Tombstone Blues part VII: Found someone, you have, I would say

by Jochen Markhorst

 

VII        Found someone, you have, I would say

Gypsy Davey with a blowtorch he burns out their camps
With his faithful slave Pedro behind him he tramps
With a fantastic collection of stamps
To win friends and influence his uncle

Francis Child’s English and Scottish Popular Ballads mentions eleven variants of the song no. 200, “The Gypsy Laddie”. The song has been floating through the Anglo-Saxon world for about 250 years, with varying lyrics and different titles (“The Gypsy Laddie”, “The Raggle Taggle Gypsy”, “Seven Yellow Gypsies”, “Johnnie Faa”, to name but a few) and tells the story of a Lady who leaves her husband and her rich life out of love for a gypsy. In the oldest version she is enchanted, in other versions abducted, but the punch line is (mostly) the same; when the abandoned Lord has tracked her down, she refuses to return home with him. In 1992, Dylan records it as “Black Jack Davey”, thereby revealing his lyrical interpretation for one of his most beautiful songs from his early years;

Well, she pulled off them high-heeled shoes
Made of Spanish leather.
Got behind him on his horse
And they rode off together,
They both rode off together.

…for “Boots Of Spanish Leather”. And in 2012 Dylan will copy the plot for his own “Tin Angel” – the centuries-old song has been floating through Dylan’s catalogue as well, for over half a century.

Woody Guthrie calls the seductive gypsy “Gypsy Davy” (1944), and that is how he gets a name-check in “Tombstone Blues” in 1965, though not much more than a name-check. The original Gypsy Dave doesn’t have a Pedro on his side, nor does he destroy camps in a jungle. And certainly not with a blowtorch. By the way, this particular soldering tool again seems to have come from Brother Bill, from the same Nova Express fragment that delivers idiom for the second octave (poison, medicine, doctor): “And The Sailor goes into his White Hot Agony Act chasing the doctor around his office like a blowtorch.”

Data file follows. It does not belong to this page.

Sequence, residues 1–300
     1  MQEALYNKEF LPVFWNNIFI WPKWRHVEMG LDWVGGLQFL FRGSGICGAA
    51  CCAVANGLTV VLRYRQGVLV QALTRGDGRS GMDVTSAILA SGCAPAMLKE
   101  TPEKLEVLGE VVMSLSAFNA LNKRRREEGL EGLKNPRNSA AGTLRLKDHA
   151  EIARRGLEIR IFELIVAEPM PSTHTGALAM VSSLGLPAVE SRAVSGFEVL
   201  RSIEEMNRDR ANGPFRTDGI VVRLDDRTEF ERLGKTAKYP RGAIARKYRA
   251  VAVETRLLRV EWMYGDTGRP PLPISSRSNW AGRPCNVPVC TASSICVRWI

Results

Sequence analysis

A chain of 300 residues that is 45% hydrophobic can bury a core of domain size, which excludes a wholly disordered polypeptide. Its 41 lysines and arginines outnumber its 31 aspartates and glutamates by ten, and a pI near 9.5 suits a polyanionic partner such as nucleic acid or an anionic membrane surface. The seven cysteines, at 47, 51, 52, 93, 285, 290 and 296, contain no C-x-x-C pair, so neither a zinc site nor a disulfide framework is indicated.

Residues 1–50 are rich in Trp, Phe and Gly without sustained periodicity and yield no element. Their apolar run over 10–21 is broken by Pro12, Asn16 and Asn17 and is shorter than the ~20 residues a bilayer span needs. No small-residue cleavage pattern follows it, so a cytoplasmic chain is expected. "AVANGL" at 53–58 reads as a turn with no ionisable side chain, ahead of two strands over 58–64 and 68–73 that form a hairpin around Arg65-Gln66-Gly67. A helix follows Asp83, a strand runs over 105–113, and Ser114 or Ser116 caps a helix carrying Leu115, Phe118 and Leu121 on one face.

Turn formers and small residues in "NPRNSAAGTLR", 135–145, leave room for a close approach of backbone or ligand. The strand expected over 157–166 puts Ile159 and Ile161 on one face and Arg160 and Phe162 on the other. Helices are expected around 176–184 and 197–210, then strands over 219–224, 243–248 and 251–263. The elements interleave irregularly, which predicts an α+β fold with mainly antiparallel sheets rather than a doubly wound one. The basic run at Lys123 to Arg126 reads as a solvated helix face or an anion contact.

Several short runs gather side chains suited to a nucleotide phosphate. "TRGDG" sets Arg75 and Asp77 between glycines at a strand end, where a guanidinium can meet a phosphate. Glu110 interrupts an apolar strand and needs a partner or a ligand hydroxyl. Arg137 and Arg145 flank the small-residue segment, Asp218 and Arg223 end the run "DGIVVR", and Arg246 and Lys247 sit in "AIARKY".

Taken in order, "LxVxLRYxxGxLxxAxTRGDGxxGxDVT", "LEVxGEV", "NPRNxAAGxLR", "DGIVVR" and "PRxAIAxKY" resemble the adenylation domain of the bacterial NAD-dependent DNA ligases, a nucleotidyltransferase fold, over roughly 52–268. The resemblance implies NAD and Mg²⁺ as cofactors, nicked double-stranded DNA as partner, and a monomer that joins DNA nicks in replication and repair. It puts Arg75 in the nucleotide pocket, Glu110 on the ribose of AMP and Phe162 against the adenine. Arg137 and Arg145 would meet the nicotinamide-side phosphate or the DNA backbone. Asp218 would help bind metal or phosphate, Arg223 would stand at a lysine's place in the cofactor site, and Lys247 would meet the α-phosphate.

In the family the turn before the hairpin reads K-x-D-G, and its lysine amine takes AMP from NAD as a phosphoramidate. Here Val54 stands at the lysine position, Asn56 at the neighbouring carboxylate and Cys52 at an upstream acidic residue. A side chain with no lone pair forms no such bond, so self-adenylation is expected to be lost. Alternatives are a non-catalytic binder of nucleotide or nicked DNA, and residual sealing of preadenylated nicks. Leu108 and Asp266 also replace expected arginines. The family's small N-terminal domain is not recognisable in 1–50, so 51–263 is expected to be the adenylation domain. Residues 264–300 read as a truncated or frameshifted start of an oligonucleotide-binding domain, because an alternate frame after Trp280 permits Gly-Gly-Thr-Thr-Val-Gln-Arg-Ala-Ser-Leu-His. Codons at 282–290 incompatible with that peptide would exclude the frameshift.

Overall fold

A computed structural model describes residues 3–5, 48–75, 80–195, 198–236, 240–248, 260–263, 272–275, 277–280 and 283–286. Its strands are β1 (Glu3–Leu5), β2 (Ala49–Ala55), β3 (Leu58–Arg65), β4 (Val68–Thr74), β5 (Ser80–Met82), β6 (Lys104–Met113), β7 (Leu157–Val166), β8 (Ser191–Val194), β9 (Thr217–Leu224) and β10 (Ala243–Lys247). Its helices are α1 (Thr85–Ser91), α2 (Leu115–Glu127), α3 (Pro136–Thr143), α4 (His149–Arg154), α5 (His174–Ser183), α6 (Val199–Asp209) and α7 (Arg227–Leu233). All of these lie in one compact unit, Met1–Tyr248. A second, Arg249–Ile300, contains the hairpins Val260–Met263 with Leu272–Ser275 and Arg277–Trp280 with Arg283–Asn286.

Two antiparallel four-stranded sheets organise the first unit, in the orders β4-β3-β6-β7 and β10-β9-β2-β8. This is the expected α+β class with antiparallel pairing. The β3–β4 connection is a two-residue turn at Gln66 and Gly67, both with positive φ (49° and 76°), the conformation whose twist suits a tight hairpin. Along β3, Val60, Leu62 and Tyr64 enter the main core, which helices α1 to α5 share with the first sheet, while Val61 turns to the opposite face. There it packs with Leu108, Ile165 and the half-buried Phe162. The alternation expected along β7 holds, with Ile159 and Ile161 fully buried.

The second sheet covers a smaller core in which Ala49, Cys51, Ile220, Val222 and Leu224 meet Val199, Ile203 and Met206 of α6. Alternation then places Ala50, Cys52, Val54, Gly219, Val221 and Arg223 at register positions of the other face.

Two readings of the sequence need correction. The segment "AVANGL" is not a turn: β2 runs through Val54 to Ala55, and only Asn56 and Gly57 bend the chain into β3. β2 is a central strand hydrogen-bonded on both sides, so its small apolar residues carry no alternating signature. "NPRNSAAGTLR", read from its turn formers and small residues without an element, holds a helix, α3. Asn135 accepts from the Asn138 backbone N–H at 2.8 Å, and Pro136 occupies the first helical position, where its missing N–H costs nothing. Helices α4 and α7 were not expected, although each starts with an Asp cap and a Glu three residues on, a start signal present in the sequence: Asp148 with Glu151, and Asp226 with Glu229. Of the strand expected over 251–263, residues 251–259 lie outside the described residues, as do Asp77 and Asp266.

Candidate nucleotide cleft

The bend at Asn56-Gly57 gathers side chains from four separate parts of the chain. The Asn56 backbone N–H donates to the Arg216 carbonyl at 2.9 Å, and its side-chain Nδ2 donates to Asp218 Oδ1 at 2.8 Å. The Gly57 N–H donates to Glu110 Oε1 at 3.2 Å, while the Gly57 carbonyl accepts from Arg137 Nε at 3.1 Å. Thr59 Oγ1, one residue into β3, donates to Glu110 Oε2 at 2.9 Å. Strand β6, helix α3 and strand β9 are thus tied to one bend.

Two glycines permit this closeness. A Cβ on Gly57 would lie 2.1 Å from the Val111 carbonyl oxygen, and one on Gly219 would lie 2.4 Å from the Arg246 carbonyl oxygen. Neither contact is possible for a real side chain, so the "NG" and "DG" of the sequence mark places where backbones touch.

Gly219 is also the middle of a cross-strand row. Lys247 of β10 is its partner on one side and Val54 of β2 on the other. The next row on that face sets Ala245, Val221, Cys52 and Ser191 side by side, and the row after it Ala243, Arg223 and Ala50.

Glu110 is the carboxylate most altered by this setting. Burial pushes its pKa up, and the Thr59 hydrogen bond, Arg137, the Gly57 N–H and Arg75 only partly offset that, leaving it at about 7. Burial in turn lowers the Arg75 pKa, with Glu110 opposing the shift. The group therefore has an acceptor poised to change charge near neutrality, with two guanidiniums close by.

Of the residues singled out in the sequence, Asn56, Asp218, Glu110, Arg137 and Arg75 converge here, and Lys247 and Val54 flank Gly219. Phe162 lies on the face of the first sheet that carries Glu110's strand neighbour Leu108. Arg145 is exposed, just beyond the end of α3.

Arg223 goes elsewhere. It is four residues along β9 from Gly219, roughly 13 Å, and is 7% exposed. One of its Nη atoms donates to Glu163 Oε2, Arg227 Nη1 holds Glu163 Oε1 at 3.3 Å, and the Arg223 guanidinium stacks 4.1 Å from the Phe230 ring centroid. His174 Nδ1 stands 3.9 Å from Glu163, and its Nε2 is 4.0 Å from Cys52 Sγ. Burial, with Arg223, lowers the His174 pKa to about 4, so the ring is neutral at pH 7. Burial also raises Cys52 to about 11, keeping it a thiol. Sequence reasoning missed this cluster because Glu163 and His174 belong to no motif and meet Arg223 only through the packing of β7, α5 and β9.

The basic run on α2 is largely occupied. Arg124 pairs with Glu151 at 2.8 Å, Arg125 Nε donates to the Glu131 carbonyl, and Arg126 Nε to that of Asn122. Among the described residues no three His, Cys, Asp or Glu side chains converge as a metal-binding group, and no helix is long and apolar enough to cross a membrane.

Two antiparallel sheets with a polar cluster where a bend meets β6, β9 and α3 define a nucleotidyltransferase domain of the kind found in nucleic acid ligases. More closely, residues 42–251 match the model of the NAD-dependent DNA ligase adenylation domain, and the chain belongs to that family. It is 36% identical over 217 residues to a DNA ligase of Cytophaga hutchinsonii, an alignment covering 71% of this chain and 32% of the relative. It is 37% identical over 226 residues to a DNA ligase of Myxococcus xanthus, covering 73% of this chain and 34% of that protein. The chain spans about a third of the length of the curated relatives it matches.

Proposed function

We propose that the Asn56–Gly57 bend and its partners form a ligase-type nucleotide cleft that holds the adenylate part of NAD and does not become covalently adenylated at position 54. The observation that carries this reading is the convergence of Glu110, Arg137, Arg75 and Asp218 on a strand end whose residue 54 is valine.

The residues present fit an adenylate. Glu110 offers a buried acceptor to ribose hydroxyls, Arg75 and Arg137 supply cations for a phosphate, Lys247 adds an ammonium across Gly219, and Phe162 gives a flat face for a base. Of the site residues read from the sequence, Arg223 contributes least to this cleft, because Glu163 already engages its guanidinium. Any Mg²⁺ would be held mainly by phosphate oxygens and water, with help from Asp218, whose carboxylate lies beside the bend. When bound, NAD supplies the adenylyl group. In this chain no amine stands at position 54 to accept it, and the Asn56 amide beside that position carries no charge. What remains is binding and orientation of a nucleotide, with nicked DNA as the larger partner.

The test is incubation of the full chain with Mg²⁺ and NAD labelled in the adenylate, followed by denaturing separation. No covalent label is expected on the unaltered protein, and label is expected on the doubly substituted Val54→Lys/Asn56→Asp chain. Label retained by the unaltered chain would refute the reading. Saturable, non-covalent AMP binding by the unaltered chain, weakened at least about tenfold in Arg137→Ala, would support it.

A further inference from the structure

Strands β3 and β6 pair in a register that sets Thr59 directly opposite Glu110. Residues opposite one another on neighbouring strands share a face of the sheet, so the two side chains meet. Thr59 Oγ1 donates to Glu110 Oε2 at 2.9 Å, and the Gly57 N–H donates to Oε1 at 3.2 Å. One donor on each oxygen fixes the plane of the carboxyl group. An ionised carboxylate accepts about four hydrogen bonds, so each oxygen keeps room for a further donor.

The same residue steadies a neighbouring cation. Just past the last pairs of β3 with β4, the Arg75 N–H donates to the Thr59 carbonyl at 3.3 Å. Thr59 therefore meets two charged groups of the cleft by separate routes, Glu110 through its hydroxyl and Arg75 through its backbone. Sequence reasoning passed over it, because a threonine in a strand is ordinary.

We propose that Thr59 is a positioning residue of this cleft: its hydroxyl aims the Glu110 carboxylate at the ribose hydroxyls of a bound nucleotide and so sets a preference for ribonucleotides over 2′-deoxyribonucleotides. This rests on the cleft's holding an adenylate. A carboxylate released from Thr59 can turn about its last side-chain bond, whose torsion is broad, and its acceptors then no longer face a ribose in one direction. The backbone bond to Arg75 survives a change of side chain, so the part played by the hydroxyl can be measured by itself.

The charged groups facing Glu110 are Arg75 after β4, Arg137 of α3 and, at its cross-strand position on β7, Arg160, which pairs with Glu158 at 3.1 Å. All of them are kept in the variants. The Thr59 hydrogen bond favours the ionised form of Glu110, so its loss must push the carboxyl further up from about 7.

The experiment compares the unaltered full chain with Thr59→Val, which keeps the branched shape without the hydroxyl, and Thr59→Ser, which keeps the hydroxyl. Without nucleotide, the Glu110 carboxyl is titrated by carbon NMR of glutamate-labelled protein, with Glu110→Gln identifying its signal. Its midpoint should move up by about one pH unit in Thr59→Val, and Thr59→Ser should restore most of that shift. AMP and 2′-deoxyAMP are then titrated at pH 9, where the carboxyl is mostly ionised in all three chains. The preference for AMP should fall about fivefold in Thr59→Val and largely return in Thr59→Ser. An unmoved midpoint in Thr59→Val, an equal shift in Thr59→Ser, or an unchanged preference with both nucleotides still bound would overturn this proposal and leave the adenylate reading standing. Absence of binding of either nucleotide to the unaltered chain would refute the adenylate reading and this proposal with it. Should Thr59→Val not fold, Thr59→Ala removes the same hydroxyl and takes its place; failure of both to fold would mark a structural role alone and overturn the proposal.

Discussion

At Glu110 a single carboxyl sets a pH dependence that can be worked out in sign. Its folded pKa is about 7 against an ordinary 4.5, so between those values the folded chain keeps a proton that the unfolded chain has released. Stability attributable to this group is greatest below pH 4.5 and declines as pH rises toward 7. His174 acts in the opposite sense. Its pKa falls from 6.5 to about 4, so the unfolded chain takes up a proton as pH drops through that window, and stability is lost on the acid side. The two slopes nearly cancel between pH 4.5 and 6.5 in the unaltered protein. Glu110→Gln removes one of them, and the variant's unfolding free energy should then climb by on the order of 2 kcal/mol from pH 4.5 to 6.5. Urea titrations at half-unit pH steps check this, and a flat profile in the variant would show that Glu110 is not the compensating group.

No, the emergence of “Gypsy Dave” has no particular, content-related relevance. It does fit in with Dylan’s sense of tradition, though, like more lyrics in this “rock phase” do echo antique songs – Dylan’s alleged “betrayal” of folk music is quite an exaggerated qualification, in any case. “Desolation Row”, “Queen Jane Approximately”, “Highway 61 Revisited”, “Tell Me, Momma”… in more than a handful of the mercury songs the rocker Dylan warmly greets old folk and blues songs. And apart from alienating attributes like that blowtorch, or that collection of stamps, and apart from the scraped-together character of personal constellations like “Gypsy Davey and Pedro”, and “Belle Starr and Jezebel the nun”, the syntax, too, confirms the suspicion of cut-up in this octave. Or at least the suspicion that Dylan here is trying to suggest cut-up.